Thursday, October 12, 2017

D is for DENT

October 12, 1904 is a landmark day in Pulp history... it's the day that Lester Dent was born. 

Dent was the pulp-fiction author, who the superhuman scientist and adventurer Doc Savage. Savage appeared in over 181 novels written over 16 years. 

Born in 1904 in La Plata, Missouri, Dent was the only child of Bernard Dent, a rancher, and Alice Norfolk, a teacher. Dent’s family returned to Wyoming in 1906, working a ranch near Pumpkin Buttes, Wyoming.
Dent attended a local one-room school house, often paying for tuition with furs that he had caught. Around 1919, the Dents returned to La Plata, where Dent's father took up dairy farming. Dent completed his elementary and secondary education there.
In 1923, Dent enrolled in the Chillicothe Business College in Missouri, eventually picking a major in telegraphy. In 1924, Dent became a telegraph operator for Western Union in Carrollton, Missouri. In 1925, he moved to Ponca City, Oklahoma, working as a telegrapher for Empire Oil and Gas Company. Dent married Norma Gerling on August 9, 1925.
In 1926, the Dent moved to Chickasha, Oklahoma, working as a telegrapher for the Associated Press. 
Dent's first professional writing sale was entitled "Pirate Cay", and appeared in the September 1929 issue of Top Notch magazine. Shortly after, Dent was contacted by Dell Publishing in New York City who were willing to pay him $500 a month to write exclusively for their magazines. Dent relocated to New York in January 1, 1931 and quickly learned the trade of the pulp author.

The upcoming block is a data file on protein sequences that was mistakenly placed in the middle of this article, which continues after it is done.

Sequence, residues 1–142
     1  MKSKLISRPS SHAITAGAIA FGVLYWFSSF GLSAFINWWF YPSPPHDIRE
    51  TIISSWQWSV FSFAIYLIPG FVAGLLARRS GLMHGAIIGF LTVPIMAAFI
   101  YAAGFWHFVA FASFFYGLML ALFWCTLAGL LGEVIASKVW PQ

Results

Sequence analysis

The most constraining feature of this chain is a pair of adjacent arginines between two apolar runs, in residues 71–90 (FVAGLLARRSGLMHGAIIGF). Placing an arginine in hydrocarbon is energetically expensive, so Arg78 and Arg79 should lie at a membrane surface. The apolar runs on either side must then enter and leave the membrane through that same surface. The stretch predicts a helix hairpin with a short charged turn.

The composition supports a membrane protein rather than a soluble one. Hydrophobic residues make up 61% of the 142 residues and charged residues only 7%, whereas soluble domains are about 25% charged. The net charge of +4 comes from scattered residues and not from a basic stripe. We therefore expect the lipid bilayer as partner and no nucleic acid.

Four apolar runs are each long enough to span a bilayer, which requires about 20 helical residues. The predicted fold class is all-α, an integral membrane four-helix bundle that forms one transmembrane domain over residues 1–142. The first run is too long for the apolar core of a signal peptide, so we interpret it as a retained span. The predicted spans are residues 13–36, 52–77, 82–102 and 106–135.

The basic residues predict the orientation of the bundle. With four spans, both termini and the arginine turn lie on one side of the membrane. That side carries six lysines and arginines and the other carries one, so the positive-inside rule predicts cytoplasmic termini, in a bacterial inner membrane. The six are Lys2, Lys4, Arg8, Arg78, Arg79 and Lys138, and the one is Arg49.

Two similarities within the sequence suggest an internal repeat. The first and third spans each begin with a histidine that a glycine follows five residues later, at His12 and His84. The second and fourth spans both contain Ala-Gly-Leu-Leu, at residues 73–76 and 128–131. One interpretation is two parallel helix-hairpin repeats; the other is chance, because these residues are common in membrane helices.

In 1932, Henry Ralston of Street and Smith Publications hired Dent for a new publication, following the success of the The Shadow magazine. Dent received $500 per novel, although they were published under the house name Kenneth Robeson.
Issue Number 1 of Doc Savage debuted in February 1933, quickly becoming one of the top-selling pulp magazines.
Over the next few years, Dent continued to study and learn new skills: he took courses in technology and the trades, earning both his amateur radio and pilot license, and was an avid mountain climber. In May 1934, Dent bought a 40-foot two-masted Chesapeake Bay "bugeye" schooner, Albatross that he and his wife lived on for several years, sailing up and down the eastern seaboard and even doing some sunken-treasure hunting in the Caribbean, before selling it in 1940.
Dent returned to La Plata for good in 1940, where he continued to write Doc Savage and other genres.
Doc Savage Magazine ceased publication in 1949. Of the 181 Doc Savage novels published by Street and Smith, all but twenty were written by Dent.
Dent suffered a heart attack in February 1959. He was hospitalized, but died on March 11, 1959. Dent is buried in the La Plata cemetery.

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